How is HIPAA Compliance like Cleaning the Bathroom?
By Barbara Griswold, LMFT
May 20, 2019
Barbara: Roy, I’m a so-called insurance expert, yet I want to hide my head under the covers when the topic of HIPAA comes up. And I confess I know my practice is not fully HIPAA-compliant.
Roy: Don’t feel too bad, that’s pretty typical. There are a lot of misconceptions about HIPAA out there that make the process harder. I would guess only about 2 – 5% of therapists are actually HIPAA compliant.
Barbara: So, in a few sentences, what is HIPAA?
Roy: HIPAA stands for the Health Insurance Portability and Accountability Act, a law designed to outline privacy and security standards to protect your client’s Protected Health Information (PHI). It addresses the security of the physical sites where your work is done (e.g. your office, and possibly your home if you keep any practice-related information there), but the security side was primarily aimed at the protection of electronic client information. It covers standards like encryption, passwords, anti-virus software, etc.
Barbara: How do I know if this applies to me?
Roy: You are considered a “HIPAA covered entity” and thus legally required to comply with HIPAA only if you perform “certain transactions in electronic form,” such as billing insurance or making coverage inquiries online. You are also a covered entity if someone is doing these online transactions on your behalf (ex. a clearinghouse, practice management system, or billing service). So, if you’ve never billed insurance, you probably aren’t a covered entity. (For more on this, see Roy’s article “Am I A HIPAA Covered Entity?“).
Barbara: What about using email, doing internet sessions with clients, or running credit cards?
Roy: No, these don’t inherently make you a HIPAA-covered entity.
Barbara: And what if I am NOT a covered entity?
Roy: We recommend HIPAA compliance (or close to it) for all therapists. Professional ethics codes require counselors to take precautions to ensure the confidentiality of all information transmitted through the use of any medium. HIPAA is an excellent guideline on how to meet the standard of care for protecting client’s confidentiality, a “best practices” standard which may be echoed by state law. It’s wise to have policies and procedures in place about who can access your client info, why and how, and to be able to prove you’ve taken steps to prevent and handle a security breach.
Barbara: What about if some person or vendor submits electronic claims or handles client protected health information (PHI) for me? And what about texting and email?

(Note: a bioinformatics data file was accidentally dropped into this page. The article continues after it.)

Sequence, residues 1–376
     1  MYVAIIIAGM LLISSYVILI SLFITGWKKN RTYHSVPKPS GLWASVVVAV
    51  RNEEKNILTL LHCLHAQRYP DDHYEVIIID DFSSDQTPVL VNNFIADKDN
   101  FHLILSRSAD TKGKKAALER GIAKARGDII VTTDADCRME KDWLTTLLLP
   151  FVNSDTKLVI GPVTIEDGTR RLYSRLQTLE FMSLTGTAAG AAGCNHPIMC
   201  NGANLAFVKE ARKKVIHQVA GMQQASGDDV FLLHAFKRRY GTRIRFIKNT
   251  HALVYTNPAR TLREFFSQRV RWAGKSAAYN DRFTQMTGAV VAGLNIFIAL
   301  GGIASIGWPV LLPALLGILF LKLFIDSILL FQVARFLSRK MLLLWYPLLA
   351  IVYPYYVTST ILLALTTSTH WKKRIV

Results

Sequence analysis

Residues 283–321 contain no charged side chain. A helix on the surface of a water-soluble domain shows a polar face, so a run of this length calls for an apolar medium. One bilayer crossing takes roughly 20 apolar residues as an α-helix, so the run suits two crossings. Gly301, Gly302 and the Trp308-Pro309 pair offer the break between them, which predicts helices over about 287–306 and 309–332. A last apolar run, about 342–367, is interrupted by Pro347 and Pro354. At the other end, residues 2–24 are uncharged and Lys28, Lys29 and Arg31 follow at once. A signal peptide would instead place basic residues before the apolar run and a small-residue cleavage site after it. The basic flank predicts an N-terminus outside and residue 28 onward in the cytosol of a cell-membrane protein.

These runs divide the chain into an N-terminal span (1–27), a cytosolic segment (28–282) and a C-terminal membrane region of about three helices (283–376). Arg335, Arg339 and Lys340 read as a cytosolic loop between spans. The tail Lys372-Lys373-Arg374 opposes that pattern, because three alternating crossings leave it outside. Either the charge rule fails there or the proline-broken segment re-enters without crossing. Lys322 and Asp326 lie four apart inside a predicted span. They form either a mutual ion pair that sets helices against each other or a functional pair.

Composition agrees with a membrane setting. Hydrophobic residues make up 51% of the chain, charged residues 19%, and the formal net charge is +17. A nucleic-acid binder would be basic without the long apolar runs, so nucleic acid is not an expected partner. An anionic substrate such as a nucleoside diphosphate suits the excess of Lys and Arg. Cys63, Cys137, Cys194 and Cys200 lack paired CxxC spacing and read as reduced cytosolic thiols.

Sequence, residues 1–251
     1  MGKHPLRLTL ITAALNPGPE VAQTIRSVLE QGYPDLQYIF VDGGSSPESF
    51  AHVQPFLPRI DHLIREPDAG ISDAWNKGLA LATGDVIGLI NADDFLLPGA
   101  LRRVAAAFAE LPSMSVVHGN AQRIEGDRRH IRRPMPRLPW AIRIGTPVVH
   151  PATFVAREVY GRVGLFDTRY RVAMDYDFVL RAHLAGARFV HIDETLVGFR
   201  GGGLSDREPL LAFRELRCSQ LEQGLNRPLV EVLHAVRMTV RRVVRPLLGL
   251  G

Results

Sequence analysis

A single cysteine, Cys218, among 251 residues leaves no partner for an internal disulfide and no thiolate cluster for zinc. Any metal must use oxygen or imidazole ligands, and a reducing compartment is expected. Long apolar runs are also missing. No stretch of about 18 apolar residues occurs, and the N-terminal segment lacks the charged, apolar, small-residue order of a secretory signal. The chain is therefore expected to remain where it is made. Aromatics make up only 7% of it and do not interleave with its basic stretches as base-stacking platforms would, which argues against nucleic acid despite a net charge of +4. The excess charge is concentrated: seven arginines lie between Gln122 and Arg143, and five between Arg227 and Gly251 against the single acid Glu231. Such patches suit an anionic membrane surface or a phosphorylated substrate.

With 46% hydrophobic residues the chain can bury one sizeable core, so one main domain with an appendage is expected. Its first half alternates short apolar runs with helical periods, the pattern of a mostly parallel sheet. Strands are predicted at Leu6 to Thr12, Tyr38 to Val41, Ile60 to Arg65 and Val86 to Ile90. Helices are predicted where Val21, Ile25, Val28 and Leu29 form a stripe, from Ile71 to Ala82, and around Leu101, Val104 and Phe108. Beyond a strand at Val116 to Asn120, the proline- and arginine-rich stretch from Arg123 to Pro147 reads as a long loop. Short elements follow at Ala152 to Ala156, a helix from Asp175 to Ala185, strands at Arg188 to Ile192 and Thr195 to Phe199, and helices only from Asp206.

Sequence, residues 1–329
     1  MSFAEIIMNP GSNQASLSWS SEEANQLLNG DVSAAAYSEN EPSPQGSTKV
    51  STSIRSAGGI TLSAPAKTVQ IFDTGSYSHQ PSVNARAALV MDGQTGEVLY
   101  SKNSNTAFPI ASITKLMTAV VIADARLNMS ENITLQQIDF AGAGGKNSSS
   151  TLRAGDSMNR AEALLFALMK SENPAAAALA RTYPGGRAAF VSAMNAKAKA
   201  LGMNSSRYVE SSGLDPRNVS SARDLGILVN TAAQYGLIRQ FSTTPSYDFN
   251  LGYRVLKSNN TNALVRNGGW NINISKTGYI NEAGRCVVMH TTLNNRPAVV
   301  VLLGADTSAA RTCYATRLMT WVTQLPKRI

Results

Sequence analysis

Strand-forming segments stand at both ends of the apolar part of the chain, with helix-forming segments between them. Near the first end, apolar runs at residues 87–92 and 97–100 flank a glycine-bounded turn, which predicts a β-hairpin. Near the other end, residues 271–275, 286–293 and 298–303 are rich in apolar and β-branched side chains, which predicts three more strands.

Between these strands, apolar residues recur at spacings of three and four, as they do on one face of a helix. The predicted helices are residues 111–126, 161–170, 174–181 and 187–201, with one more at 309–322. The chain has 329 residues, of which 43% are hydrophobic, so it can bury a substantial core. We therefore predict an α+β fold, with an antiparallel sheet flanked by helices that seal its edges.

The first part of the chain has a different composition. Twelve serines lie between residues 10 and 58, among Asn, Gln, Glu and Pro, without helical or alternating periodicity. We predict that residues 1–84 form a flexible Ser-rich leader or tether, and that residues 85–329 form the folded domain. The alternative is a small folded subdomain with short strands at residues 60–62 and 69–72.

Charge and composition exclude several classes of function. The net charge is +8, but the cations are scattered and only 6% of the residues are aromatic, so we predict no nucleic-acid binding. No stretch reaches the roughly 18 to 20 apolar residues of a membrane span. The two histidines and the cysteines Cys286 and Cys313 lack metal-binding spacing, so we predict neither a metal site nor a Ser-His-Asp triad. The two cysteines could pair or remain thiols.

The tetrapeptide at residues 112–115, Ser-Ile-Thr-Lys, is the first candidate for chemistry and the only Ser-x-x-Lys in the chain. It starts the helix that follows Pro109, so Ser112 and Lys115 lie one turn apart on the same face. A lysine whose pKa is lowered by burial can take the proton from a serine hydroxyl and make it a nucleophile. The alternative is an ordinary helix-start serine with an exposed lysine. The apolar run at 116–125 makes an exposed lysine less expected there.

Roy: When choosing vendors who do any handling of your client info, including secure email and texting, you need to choose ones that will execute a Business Associate Agreement (BAA) with you. A BAA is a document that says that the vendor will comply with HIPAA security standards (ex. appropriately safeguard client information, notify you of security breaches, and have a plan in place for how they will respond to a breach) just like you do.
Barbara: So, I should just look for products/services that say they are HIPAA Compliant?
Roy: No, this is one of the biggest HIPAA myths. Many products will say they are “HIPAA Compliant.” But there is no such certification, so any product can say this. You will need to do research about which products are HIPAA secure. Check out our vendor reviews at https://personcenteredtech.com/vendorreview
Barbara: Can I just get an “informed consent” from clients that it is OK to use a service without a BAA?
Roy: No, the Business Associate relationship is between you and the vendor. That relationship needs to be established properly.
Barbara: So, what if I AM a HIPAA-covered entity? What would be the first steps in becoming HIPAA compliant?
Roy: Perform a security risk analysis of your practice to find out how well you currently are complying with standards and managing your practice’s security. Then make a risk management plan and create a HIPAA Policies and Procedures “manual” that describes how you comply with HIPAA security standards in your practice. If that sounds overwhelming, it doesn’t have to be. The “manual” doesn’t have to follow a specific format – whatever works for you to maintain your secure and compliant practices, and is understandable for others, is fine. On the privacy side, you’ll have to start giving out a HIPAA Notice of Privacy Policies to all clients. (Check out Roy’s articles on this topic here). And don’t hesitate to contact PersonCenteredTech.com for support — we are happy to help therapists do risk analyses and set up a HIPAA-compliant practice. We won’t shame you!
Barbara: This all sounds like cleaning the bathroom. It isn’t fun, but it needs to be done, right?
Roy: Right. And like cleaning the bathroom, you can’t just do it once and you are done – it’s an ongoing process. So, while it takes time, once you clear away the fear, it’s doable, and important to protect our clients’ confidentiality.
Readers: If you have follow-up HIPAA questions, please don’t send them to me! Read some of Person Centered Tech’s articles on telehealth, HIPAA, social media, and other technology topics at https://personcenteredtech.com/articles/collections/, subscribe to their mailing list, or schedule a consultation with Roy or his staff at firstname.lastname@example.org or (503) 893-9717.
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